If you’ve spent any amount of time fishing in the Florida Keys, chances are you’ve used ballyhoo for bait. This long, slender baitfish with the long beak is one of the most productive baits that you can put on a hook. Whether fishing offshore, at the reef, in the backcountry, or at the bridges, any number of species won’t hesitate to slam a live or fresh cut hoo.

To catch these excellent baitfish first anchor up on a patch reef, or on the deep reef, and get a good chum slick flowing. The ballyhoo should show up behind the boat in a matter of minutes, and then it’s your choice if you want to throw a cast net, or catch them one-by-one on hook-and-line. If you’re planning to use live ballyhoo for bait, I recommend catching them with a light spinning rod. Reason being, the ballyhoo are so thick right now that if you throw the cast net on them, chances are you’re going to fill up the net, and the bait will get beat up while transferring them to the livewell.

To catch ballyhoo on hook-and-line, tie on a small gold hook, with or without a float, and tip it with a piece of shrimp or squid. When you get the fish to the boat, put it in the livewell as soon as possible, and with as little handling as possible. Ballyhoo caught this way will not only live longer, but they’ll also be livelier in the water and greatly increase your chances of having a fish go after them. If you’re planning on cutting the ballyhoo into chunks, or loading up the freezer with rigging baits to skip offshore for pelagics, then throwing a cast net is the way to go. One good throw should fill up your freezer with a healthy supply for many days to come. Last week the ballyhoo was so plentiful that we were able to scoop them up in the dip net!

Once you’ve loaded up on bait, it’s time to decide where to fish, and what to target. My recommendation is to stay right where you caught the bait—at the reef. On a single trip to the reef last week, fishing in 60 to 80 feet of water, we caught six different species on ballyhoo, including yellowtail, mangrove and mutton snapper; black and red grouper; and cero mackerel.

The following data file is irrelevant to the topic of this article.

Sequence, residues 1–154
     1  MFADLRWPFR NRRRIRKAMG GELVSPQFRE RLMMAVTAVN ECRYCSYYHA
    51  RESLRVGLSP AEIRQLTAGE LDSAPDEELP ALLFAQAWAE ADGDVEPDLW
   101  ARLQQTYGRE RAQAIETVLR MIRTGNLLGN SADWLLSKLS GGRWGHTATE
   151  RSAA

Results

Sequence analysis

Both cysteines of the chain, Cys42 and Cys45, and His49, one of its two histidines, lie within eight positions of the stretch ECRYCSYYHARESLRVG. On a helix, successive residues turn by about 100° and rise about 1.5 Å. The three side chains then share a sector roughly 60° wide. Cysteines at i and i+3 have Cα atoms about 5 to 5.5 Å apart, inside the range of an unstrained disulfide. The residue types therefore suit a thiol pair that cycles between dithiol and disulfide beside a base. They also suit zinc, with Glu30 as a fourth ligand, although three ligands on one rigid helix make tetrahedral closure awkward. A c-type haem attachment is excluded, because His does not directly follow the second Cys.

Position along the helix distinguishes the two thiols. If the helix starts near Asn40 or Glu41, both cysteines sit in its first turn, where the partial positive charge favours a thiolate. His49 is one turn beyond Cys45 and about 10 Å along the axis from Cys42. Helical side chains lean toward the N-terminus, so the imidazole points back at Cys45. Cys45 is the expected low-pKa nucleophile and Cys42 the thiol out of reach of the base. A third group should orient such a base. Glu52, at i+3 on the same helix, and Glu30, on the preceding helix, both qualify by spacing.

There is a variety of ways to fish ballyhoo at the reef, and I like to mix it up and try each. First, I like to send a bait to the bottom with a stretch of 40-pound fluorocarbon leader, a four-ounce lead, and a 3/0 live bait hook. The bottom rod will catch anything from mangroves, muttons, and grouper, to big yellowtail snapper.

The more common way to target the yellowtails is to freeline cut pieces of ballyhoo in your chum line. Keep the bait constantly moving in the current, and as soon as the line starts ripping off the spool, start winding. When targeting yellowtails this way I like to start with a 15 to 20-pound leader. The reason I go a little heavier is that the big mangroves and muttons will also come up into the chum line, and they’re difficult to land on lighter line.

A third way to fish ballyhoo at the reef is on the surface. Hook a live ballyhoo on #3 or #5 wire (depending on the water clarity), and you should have constant cero mackerel action. For targeting ceros, I like to join the wire leader directly to the mainline. Ceros are aggressive and will often go after anything shiny, including a swivel, so it’s best to avoid using one altogether. Also remember to use a reel spooled with plenty of line. The big kingfish like to make an appearance from time to time and you don’t want to run out of line when that smoker king makes his drag-screaming run.

Your Best Bet for the Week Ahead: Ballyhoo!
Take advantage of the tremendous amount of ballyhoo on the reef. Whether targeting snapper, grouper, mackerel, dolphin, wahoo, tuna, tarpon, sailfish, and more, you’re sure to have success with ballyhoo on the end of your line.





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